PROTECTION FOR SHARING
The Cybersecurity Act provides liability protection for monitoring of information or information systems, or sharing of cyber threat indicators or defensive measures. While the House Homeland Security Committee's version had extended liability protection for not acting on cyber threat data in order to insulate companies from liability when they are unable to act, the Cybersecurity Act simply clarifies that the bill does not create any new duty for companies to share cyber threat indicators or defensive measures, or warn or act based on receipt of such.
Additionally, the legislation provides an antitrust exemption to private sector entities sharing cyber threat indicators or defensive measures, or assistance pertaining to the prevention, investigation or mitigation of a cybersecurity threat.
Companies preserve their privilege, intellectual property and proprietary rights in the information shared. Federal or state authorities may not use the information shared to regulate or enforce an action against a private sector entity for its lawful activities under other laws based on the information they share. The exception to this protection is that such information can be used to formulate cybersecurity rules or their implementation.
The Cybersecurity Act also exempts the data shared from disclosure under the Freedom of Information Act (FOIA) or comparable state or local freedom of information laws.
The Cybersecurity Act authorizes companies to operate defensive measures on their own information systems, the system of another private entity upon written consent, or a federal entity's information system upon written consent. There is an explicit prohibition on counter-measures or defensive measures that destroy, render unusable, provide unauthorized access to or substantially harm an information system or data on an information system not belonging to the acting entity or pursuant to consent by an entity authorized to grant approval. The prohibition demonstrates that there continues to be a great reluctance to deputize the private sector in protecting itself to such an extent that it can become “offensive."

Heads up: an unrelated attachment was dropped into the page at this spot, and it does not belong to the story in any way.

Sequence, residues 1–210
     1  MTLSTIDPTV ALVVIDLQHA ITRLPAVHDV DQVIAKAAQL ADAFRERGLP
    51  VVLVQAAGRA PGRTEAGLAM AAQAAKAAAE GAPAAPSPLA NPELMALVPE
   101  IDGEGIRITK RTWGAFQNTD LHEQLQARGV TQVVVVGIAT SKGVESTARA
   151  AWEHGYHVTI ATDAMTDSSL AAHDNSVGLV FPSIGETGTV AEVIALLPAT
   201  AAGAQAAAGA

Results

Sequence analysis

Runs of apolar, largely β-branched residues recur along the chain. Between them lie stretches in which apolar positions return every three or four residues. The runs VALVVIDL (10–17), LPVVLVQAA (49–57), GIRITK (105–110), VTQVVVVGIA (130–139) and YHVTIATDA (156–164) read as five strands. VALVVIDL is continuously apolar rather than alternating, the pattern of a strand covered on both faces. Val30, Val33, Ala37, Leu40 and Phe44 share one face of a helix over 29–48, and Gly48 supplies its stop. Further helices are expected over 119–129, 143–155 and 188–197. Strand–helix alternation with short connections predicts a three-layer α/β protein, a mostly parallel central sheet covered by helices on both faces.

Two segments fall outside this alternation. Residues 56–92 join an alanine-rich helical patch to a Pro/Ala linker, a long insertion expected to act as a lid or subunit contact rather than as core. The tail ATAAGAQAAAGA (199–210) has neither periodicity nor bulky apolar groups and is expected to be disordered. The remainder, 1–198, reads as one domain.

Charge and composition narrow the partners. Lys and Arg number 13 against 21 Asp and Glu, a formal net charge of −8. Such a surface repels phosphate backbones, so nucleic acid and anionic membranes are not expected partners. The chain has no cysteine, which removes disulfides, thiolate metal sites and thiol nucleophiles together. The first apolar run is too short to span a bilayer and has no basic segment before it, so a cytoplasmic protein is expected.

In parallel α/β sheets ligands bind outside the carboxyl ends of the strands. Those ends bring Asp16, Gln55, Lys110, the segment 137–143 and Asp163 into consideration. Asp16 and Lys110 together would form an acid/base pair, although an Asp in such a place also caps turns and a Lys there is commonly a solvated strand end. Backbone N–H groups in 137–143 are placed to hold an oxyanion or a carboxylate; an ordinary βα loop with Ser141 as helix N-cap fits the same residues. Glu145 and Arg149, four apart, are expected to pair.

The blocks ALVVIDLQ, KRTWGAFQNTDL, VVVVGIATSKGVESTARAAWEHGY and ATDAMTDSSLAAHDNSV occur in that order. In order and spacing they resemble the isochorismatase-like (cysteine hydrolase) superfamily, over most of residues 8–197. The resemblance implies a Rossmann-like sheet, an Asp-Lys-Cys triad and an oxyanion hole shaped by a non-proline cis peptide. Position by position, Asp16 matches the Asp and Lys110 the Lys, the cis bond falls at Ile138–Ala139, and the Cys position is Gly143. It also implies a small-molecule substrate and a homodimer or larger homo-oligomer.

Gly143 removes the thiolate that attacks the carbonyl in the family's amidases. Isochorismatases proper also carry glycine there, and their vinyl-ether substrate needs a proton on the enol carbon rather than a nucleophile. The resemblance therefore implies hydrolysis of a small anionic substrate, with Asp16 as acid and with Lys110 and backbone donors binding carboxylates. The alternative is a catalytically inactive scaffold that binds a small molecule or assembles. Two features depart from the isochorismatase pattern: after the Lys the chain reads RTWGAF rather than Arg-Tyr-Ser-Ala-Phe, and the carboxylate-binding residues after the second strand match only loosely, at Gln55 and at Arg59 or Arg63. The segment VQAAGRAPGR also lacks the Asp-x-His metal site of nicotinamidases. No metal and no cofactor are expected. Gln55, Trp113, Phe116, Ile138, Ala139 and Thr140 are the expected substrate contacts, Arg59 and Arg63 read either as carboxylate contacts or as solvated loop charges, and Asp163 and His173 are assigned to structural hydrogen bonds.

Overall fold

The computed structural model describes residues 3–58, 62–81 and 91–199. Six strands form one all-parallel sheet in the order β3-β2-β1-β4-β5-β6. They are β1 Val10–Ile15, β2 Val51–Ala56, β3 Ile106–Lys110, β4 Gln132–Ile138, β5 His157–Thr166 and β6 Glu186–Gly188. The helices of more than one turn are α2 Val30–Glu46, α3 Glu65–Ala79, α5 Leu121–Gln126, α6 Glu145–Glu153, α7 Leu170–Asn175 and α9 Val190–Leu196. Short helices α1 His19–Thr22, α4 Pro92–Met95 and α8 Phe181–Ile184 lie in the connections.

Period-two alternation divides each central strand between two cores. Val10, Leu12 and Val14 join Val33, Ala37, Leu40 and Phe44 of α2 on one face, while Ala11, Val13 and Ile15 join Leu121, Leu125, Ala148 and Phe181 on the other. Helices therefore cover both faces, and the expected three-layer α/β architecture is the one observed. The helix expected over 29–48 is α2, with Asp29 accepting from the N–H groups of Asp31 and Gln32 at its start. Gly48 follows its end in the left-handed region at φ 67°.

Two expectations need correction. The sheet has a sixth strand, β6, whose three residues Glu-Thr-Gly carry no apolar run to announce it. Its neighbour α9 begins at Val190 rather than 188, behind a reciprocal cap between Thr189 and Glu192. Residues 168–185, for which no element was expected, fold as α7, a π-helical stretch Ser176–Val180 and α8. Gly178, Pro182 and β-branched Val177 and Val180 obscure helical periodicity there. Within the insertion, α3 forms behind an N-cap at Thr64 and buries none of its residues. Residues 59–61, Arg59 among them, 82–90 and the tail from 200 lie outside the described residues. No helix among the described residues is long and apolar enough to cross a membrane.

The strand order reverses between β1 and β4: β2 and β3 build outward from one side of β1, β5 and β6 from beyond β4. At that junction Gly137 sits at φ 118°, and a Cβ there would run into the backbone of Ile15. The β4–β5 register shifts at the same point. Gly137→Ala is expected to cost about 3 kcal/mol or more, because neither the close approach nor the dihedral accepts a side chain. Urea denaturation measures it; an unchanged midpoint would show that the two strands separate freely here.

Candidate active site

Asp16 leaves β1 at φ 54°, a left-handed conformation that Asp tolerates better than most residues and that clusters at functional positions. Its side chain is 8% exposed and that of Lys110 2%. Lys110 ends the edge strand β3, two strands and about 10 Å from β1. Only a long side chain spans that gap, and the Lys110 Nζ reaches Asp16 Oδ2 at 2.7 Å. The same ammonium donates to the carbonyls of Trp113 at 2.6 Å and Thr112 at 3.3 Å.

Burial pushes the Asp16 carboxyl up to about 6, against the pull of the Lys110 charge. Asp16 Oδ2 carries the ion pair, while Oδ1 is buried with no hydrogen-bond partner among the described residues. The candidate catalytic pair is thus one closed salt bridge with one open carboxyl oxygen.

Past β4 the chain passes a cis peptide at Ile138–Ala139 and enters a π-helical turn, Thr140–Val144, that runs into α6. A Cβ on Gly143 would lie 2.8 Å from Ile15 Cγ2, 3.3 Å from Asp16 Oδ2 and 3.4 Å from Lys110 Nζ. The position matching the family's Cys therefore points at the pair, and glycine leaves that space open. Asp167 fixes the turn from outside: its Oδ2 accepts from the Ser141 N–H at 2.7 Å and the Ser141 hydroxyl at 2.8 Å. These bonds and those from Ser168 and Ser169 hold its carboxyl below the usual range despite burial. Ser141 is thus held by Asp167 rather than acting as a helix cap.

The Cybersecurity Act authorities expire at the end of FY2025, on Sept. 30, 2025.
The Cybersecurity Act, along with measures instituted by the Department of Homeland Security, the Commerce Department's National Institute of Standards and Technology Cybersecurity Framework for Improving Critical Infrastructure Cybersecurity (NIST Cybersecurity Framework), the Department of Defense (DOD), and others pursuant to the President's Executive Orders (EOs) and Directives (PPDs), is a positive step for addressing cybersecurity. The private sector gains clear authorities for sharing valuable information and protection from liability. The next step to watch is the implementation of a practical, user-friendly portal to support timely cyber threat sharing.